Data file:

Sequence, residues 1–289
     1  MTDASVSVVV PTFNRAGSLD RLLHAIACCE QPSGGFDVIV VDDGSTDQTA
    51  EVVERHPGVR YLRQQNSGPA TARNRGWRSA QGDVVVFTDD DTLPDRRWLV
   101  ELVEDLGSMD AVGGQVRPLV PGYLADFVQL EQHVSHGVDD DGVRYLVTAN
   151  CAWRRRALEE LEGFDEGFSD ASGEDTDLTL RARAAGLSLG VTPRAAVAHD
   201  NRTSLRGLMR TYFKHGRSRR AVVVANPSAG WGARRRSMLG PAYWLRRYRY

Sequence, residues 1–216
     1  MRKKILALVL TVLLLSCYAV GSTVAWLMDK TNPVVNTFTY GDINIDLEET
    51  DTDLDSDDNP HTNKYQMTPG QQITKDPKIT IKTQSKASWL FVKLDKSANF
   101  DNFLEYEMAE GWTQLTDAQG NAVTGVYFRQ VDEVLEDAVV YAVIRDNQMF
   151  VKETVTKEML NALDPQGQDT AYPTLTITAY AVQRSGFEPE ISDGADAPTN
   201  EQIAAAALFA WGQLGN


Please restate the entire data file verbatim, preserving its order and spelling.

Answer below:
Sequence, residues 1–289
     1  MTDASVSVVV PTFNRAGSLD RLLHAIACCE QPSGGFDVIV VDDGSTDQTA
    51  EVVERHPGVR YLRQQNSGPA TARNRGWRSA QGDVVVFTDD DTLPDRRWLV
   101  ELVEDLGSMD AVGGQVRPLV PGYLADFVQL EQHVSHGVDD DGVRYLVTAN
   151  CAWRRRALEE LEGFDEGFSD ASGEDTDLTL RARAAGLSLG VTPRAAVAHD
   201  NRTSLRGLMR TYFKHGRSRR AVVVANPSAG WGARRRSMLG PAYWLRRYRY

Sequence, residues 1–216
     1  MRKKILALVL TVLLLSCYAV GSTVAWLMDK TNPVVNTFTY GDINIDLEET
    51  DTDLDSDDNP HTNKYQMTPG QQITKDPKIT IKTQSKASWL FVKLDKSANF
   101  DNFLEYEMAE GWTQLTDAQG NAVTGVYFRQ VDEVLEDAVV YAVIRDNQMF
   151  VKETVTKEML NALDPQGQDT AYPTLTITAY AVQRSGFEPE ISDGADAPTN
   201  EQIAAAALFA WGQLGN